I love poisson cru and a few other recipes that require fresh coconut milk - it is rather labor intensive I was hoping someone knew of a market that sold it fresh processed for a fee.

            If anyone knows I will keep checking back - if you are a market and want to sell it - let me know I will buy from you.

            I am not interested in fresh coconuts, coconut water, macaroons, coconut cream pie, or putting the lime in the coconut . . .



          2. Thanks, everyone, for your suggestions but coconut milk is a coconut PRODUCT made from coconuts - not fresh coconut, coco water, or creme de coco. Not one of the responses below was right, but I finally found frozen coconut milk - at Mitsua Market - so I thought I'd pass that on. It makes making coconut pudding and authentic poisson cru possible (and here is a recipe if you want to try it - I say skip the vanilla to be super authentic ): http://www.vanilla.com/showcase/docs/...) Enjoy!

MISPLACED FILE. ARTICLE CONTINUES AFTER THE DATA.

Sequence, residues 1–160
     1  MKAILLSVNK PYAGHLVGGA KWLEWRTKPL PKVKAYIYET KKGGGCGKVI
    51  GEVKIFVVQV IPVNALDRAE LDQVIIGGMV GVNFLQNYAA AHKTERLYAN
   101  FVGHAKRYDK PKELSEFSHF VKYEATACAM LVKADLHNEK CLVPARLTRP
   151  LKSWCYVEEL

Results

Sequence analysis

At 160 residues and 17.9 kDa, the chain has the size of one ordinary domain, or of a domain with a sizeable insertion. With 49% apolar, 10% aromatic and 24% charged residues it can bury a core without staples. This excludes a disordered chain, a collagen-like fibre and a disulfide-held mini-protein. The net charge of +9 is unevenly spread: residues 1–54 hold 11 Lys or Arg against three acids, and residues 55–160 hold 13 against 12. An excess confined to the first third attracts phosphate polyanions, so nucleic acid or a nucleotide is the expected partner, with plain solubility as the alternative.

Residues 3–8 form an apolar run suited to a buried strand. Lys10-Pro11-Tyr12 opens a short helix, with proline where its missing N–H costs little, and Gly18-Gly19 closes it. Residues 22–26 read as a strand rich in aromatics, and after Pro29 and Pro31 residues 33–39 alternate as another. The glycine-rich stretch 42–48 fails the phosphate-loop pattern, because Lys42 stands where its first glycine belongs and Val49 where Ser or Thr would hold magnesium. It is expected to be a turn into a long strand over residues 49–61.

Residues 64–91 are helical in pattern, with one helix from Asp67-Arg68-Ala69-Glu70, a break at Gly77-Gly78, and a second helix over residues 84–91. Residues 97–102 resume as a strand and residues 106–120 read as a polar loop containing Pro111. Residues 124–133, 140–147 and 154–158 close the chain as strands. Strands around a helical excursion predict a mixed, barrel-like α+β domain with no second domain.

8 Replies
            1. re: Pigeage

              Update: Mitsua Market closed (downtown L.A.) and the other locations don't carry it. :-(

              1. re: Pigeage

                I could be wrong, but I believe I've seen this frozen product at places like 99 Ranch and Hawaii Supermarket. Don't recall if it was in a flat plastic-type bag, or was in a plastic container. Did you get a chance to check out these types of places' freezer sections?

                1. re: bulavinaka

                  No one mentioned canned coconut milk or cream. The advantage of course would be it's always on hand, the disadvantage would be the freshness and possible taste difference. There are so many brands any one of which may be close to the taste that you are looking for. Most if not all restaurants and recipes use canned? Unless I'm making curried crabs, I always use canned.

                  1. re: bulavinaka

                    I've gotten fresh-grated frozen coconut from Asian grocers. Have yet to tinker with it but the idea is to use that to press coconut milk from I think. Toying with idea of doing that using fresh coconut juice instead of water.

                    Wondering if blendering and sieving is an option.